I have never been sucked into a TV program like Orphan Black. The first few episodes were edge-of-your-seat spectacular. In this program, we discover a character has been cloned mysteriously, and the clones gather to find out who/what has been killing them.
The Americans was similarly enthralling, if not quite as spectacular. Here we have a Russian spy couple who sneaked into the U.S., posing as an average Americam family, but one with principles that may make you cringe as they are more than willing to cover mistakes with murder. You have a weird feeling empathizing with a couple with whom you may share little except common humanity. One's own response to the series is nearly as interesting as the show itself.
The plotting and character fascinate. Both have incredibly versatile actors who can throw themselves into an entirely different role and look like someone else. In fact, while being the same person, some characters were attractive while others were not.
Both suffered, at least in terms of consecutive-episodes viewing from predictable sexual escapades averaging once per episode for Orphan Black, two or three in The Americans. With the upshot that there was little sexy about their sexcapades. In The Americans, one wonders if that were part of the point. This is part of their job as spies. You can even note which sexual liasons were distasteful to the characters. The Americans uses several sexual events as points to create later plot tension, though not always. One wonders if more people will want to become spies after this--a more respectable profession that prostitution.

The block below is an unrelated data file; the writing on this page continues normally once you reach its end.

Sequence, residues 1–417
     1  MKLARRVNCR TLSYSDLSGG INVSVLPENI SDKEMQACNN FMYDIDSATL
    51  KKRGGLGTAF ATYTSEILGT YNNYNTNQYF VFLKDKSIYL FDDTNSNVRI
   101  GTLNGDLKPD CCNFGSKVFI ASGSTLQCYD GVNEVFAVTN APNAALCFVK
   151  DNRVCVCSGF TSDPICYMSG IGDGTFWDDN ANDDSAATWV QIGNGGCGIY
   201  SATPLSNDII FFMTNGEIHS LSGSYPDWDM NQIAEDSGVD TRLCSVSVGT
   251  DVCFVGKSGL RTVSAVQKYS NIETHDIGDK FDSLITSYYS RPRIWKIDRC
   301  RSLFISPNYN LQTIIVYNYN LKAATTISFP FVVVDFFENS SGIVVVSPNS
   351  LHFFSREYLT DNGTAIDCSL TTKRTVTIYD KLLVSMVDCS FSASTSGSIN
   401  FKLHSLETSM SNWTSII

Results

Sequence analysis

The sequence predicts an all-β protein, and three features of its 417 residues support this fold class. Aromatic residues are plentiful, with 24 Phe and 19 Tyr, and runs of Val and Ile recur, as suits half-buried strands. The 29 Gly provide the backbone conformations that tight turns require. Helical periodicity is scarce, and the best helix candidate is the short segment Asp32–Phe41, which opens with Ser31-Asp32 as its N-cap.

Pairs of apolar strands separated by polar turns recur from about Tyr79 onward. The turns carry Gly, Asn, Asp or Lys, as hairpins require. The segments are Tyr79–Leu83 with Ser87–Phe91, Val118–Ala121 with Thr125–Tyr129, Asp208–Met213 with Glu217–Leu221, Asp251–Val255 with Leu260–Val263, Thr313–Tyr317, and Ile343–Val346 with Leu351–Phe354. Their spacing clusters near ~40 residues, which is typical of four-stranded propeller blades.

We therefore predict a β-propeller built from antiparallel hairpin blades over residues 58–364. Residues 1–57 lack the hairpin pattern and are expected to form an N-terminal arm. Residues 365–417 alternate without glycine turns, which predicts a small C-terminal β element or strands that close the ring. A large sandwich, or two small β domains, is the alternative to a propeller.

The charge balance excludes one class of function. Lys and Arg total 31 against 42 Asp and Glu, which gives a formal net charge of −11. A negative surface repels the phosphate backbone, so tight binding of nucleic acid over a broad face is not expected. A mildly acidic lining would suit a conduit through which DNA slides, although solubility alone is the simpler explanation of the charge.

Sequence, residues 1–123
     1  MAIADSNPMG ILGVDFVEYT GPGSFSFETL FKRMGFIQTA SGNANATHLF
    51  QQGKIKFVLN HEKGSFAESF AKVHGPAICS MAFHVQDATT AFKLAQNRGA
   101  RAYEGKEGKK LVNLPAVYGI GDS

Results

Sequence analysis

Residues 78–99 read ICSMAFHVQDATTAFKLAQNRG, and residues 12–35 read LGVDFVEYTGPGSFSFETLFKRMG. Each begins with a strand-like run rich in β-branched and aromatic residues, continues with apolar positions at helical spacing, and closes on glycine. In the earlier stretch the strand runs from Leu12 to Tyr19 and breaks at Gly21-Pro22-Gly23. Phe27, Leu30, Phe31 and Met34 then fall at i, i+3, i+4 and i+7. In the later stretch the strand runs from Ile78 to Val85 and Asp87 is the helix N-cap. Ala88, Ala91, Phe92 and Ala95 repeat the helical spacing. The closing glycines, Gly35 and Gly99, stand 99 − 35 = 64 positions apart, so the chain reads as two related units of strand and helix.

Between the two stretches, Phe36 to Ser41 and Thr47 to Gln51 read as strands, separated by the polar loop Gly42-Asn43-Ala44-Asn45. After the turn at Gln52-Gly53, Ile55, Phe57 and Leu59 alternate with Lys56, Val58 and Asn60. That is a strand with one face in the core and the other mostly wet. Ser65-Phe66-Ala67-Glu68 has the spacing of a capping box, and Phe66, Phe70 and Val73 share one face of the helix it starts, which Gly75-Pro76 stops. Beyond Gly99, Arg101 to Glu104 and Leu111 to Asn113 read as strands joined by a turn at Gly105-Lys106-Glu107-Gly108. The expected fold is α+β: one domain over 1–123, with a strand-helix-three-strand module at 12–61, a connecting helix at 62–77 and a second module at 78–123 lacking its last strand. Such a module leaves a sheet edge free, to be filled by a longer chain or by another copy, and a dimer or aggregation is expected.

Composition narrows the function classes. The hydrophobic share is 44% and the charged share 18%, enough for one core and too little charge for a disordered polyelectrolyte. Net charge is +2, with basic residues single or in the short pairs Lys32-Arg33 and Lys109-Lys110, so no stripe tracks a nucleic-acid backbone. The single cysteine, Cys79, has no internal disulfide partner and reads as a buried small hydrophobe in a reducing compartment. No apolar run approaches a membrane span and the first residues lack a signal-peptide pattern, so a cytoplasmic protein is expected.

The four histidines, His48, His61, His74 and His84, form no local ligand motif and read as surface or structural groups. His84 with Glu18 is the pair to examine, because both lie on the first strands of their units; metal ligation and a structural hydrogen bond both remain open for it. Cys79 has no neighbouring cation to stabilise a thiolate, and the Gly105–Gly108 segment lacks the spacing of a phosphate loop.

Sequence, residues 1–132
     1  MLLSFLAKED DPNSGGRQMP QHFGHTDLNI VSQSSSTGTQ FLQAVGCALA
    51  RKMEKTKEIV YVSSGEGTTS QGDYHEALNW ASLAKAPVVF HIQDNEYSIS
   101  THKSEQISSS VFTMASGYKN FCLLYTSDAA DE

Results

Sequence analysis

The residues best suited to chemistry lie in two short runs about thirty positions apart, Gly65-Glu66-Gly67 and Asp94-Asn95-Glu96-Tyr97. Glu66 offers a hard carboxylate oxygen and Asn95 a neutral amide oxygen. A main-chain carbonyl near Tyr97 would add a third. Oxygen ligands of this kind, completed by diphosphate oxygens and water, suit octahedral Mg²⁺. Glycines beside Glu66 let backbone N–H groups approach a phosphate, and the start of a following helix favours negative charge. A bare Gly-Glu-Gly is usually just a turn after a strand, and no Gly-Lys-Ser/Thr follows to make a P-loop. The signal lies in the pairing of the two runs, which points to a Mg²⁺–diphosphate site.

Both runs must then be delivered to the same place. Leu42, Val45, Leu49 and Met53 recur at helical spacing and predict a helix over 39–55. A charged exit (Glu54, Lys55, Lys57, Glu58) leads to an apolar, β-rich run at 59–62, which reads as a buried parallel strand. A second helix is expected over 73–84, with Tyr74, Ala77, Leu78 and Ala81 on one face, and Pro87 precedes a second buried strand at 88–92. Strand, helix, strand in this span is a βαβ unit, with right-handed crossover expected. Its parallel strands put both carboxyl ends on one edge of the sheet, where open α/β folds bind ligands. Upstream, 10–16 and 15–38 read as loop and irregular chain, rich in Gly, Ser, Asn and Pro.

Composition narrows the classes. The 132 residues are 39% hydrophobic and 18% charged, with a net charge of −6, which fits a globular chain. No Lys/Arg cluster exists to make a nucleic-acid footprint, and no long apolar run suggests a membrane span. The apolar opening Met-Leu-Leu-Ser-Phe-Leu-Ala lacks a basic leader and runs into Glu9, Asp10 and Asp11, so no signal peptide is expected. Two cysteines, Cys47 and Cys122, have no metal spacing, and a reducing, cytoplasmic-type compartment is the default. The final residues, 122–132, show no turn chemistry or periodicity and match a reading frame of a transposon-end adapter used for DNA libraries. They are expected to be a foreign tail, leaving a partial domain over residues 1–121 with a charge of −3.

Something happened in season two with Orphan Black. Rather, something didn't happen. The writers wanted to keep the show going with continual surprise, to keep viewers on their toes--which I do love--but it felt like surprise for surprise's sake (or for the series' sake), rather than for the story's. Revelations were few. At some point the players'/protagonists' motives need to crystallize. I'm reminded of the Lemony Snickett series that built up a grand mystery only to open an empty box. Perhaps if it were a one-book or a short-story deal, this could work. Not fourteen books leading up to nothing. Otherwise, the story becomes mechanical and reveals nothing new. Which is what happens with soap operas. You start to feel you've seen it all before and there were will be nothing here to satisfy/conclude/ponder. I hope Season three reveals more than season two. I'm still debating whether to keep watching it.
Season Two of The Americans, on the other hand, seems to be working well. The difference? There isn't one grand narrative. A number of concurrent narratives allow viewers to be satisfied when resolved, yet they introduce new narratives to complicate scenarios. For instance, they resolve who murdered the couple's best spy friends, only to discover a plot that embroils their own children into a similar scenario.
While I love the period aspects, I'm not sure if I've ever watched a program with so many ugly ties before.